Black leaders should let voters decide on Obama
Published 12:00 am Sunday, November 18, 2007
In Melvin Van Peebles’ roadway musical, &8220;Ain’t Suppose to Die a Natural Death,&8221; one of his characters laments over the difficulties of being African American.
I am certain, there are days when Sen. Barack Obama wants to sing a similar dirge.
Few people are surprised when Barack’s blackness Romney religion, or Clinton’s cleavage, becomes the central issue of the presidential campaign. When candidates are reluctant to clearly define their positions on national issues to a fluid electorate, it is not surprising that a four hundred dollar hair cut manages t muster as much media attention as a half-billion dollar-a-day war.
Sen. Obama, although quite prepared to face the voters who have concerns relative to his color or even
his name, must find it very difficult to understand the volley of political missiles fired at him by black leaders. One prominent national black leader intimates that Obama is not black enough on the issues.
In Montgomery, two black leaders thought it necessary to voice their opposition to his campaign, stating that white folks aren’t ready for a black president.
The logic of these black leaders made sense to me in 1984 when the Rev. Jesse
Jackson was a candidate for president. I have since repented for my ignorance. The Alabama Democratic Conference endorsed Walter Mondale in the presidential primary, arguing that Jackson couldn’t win. Well, Mondale won the nomination of the party, but lost 49 states in the general election. As a matter of fact, when the dust settled, only one candidate stood as president. The Rev. Jackson ran a respectable campaign and did far better than others who were cast into the circle of the also ran. The Rev. Jackson didn’t get the presidency, but African Americans got from his campaign the pride needed to work toward the day when even that office will not exceed our grasp.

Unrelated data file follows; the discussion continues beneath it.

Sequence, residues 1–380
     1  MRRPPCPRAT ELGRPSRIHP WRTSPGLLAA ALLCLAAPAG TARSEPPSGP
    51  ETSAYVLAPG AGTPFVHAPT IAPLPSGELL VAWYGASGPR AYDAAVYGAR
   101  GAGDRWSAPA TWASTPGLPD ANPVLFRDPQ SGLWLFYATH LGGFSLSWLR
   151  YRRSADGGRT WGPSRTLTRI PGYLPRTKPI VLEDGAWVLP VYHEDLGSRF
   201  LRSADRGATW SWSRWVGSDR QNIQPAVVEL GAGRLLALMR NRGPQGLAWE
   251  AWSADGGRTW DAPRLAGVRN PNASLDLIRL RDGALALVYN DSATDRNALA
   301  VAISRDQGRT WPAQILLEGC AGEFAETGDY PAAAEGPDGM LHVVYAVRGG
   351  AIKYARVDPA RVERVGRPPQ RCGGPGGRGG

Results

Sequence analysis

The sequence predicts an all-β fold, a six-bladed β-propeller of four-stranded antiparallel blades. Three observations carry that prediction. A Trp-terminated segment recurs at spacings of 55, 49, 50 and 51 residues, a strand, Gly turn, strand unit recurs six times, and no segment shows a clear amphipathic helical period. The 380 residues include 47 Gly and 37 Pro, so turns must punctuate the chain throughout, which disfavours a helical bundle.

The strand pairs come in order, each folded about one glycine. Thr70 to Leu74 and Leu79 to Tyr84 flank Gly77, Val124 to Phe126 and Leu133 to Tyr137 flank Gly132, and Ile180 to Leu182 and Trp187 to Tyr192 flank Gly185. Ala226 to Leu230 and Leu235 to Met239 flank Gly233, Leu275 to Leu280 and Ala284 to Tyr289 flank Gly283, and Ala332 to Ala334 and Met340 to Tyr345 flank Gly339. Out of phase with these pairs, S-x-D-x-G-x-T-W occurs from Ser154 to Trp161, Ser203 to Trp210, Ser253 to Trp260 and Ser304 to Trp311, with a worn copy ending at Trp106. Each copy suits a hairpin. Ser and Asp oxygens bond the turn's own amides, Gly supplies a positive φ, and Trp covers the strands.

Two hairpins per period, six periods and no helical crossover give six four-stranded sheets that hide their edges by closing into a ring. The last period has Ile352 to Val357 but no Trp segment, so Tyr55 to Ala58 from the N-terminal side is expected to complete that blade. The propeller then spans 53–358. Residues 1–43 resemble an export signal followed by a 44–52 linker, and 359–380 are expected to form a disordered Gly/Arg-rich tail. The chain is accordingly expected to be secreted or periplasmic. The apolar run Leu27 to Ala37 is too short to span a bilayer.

Approximately 24 years have elapsed since that campaign and we apparently have not grown wiser with time. Sen.Obama is erudite, articulate, as white as he is black, a
relative of Dick Cheney, and is a U.S. senator who never voted for the war, and black
leaders judge him on the basis of what they perceive as the mindset of white people. Had
Rosa Parks, Mary Smith, Gov. Douglas Wilder, Mobile Mayor Sam Jones and the many other heroes of history halted long enough to raise their finger to the political winds just to see what white folks were ready for, perhaps there would not yet be a candidate of color for us to courteously castigate.
If we follow the logic of these black leaders during the presidential preference election, we are telling Sen. Vivian Figures and other qualified persons to stop dreaming and yield to the status quo. I don’t think that black folks will buy that logic from politicians who will become the beneficiaries of Hillary’s political patronage.
Besides, I don’t think that white folks have ever let Joe and Alvin decide what they are ready for. We shouldn’t either. Peace.
Joseph Rembert Sr.